Campus

Some Students Question Effectiveness of Room Checks

Trisha McCauley | The PHOENIXAlcohol bottles are one of the violations RAs look for during room inspections.

Once per semester, students living in Loyola residence halls must undergo mandatory health and safety checks that are conducted to ensure students are following university policy. But with prior notice required and laid-back approaches taken, the effectiveness of these inspections can be questionable.

In each residence hall, two resident assistants (RAs) perform an inspection of every dorm room to make sure each is upholding Loyola’s Community Standards.

Page 28 of the Community Standards explains the expectations for students living in residence halls.

“Students are expected to keep residence hall rooms and public areas in a clean and safe condition at all times,” the policy states. “Department of Residence Life staff members conduct periodic inspections of all student rooms and community spaces in the residence halls. Whenever possible, notice is provided to students in advance of formal inspections.”

“The priority [of health and safety checks] is on safety and security,” said Ashley Williams, the assistant director of housing operations for Loyola’s Department of Residence Life.

Residents must be notified about inspections at least 48 hours in advance. Former San Francisco Hall RA Krystian Chalupczak said the advance notice means some students will get away with violations.

“It’s a visual inspection … So you’re just scanning the room. That’s it. We can’t snoop through your things,” the 21-year-old senior said.

Prohibited items found during inspections will be confiscated, according to the Community Standards.

Prohibited items include alcohol, drugs and dangerous weapons, but in traditional and suite-style dorms, they also include prohibited furniture and appliances that are fire hazards — hot plates, toasters, electric grills, ovens, fridges larger than 4.2 cubic feet and candles, according to the Community Standards.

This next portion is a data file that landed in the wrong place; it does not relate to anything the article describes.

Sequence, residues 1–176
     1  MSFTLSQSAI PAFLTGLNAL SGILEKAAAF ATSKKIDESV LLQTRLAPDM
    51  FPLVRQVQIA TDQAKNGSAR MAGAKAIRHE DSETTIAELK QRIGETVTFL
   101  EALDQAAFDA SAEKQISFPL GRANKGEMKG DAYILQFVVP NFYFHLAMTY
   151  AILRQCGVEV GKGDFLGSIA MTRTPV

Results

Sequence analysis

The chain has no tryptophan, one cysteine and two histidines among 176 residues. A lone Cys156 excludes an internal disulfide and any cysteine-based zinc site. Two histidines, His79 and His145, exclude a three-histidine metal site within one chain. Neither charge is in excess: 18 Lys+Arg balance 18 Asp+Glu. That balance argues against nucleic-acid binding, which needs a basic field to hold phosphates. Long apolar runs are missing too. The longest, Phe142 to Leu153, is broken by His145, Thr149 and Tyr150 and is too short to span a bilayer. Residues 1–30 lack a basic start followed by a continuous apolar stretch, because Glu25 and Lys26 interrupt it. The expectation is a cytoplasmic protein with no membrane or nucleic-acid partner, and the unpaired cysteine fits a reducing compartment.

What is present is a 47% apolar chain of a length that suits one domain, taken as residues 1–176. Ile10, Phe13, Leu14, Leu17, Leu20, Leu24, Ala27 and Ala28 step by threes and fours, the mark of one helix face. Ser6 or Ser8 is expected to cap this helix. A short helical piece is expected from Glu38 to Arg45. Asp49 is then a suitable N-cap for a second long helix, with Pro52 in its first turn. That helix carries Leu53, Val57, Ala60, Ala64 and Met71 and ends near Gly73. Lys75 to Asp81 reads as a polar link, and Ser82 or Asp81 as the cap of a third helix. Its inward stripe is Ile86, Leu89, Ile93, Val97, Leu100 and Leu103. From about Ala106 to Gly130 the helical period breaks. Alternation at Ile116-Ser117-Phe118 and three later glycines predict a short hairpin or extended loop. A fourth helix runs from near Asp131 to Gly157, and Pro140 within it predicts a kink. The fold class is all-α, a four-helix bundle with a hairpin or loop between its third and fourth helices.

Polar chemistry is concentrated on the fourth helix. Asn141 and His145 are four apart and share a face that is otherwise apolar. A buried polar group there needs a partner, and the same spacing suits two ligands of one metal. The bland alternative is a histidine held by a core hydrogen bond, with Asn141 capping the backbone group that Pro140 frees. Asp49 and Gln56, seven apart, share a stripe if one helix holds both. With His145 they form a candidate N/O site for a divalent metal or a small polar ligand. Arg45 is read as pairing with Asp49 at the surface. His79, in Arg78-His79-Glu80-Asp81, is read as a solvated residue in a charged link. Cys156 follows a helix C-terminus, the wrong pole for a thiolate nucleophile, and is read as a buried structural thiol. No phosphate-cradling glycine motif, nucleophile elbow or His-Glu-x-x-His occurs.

The reason for the prior notice is to respect students’ privacy, according to Williams.

“We never want to make it seem like we are intrusive,” Williams said.

Loyola first-year Parker Light said he thinks the inspections are not effective.

“Not only do they give you notice, but they send you an email that says ‘Hey … if you have any of this stuff, make sure it’s not in your room,’” said the 18-year-old undecided major.

Light added that he and many of his friends had time to hide prohibited items they owned due to the prior notice. He thinks that a majority of first-year students violate the school policy in some way, and they only get away with it because they know when the checks will happen.

Chalupczak said he acknowledges that some students may get away with hiding violations due to prior notice, but he thinks respecting students’ privacy and maturity is more important.

“Let’s say they do drink [in a room and are hiding it]; we’re all adults when we get to college. We can make our own choices,” said Chalupczak, a neuroscience and biology double major. “There’s nothing [that] we can do.”

First-year Annie Sherwood said she thinks the prior notice makes room checks ineffective.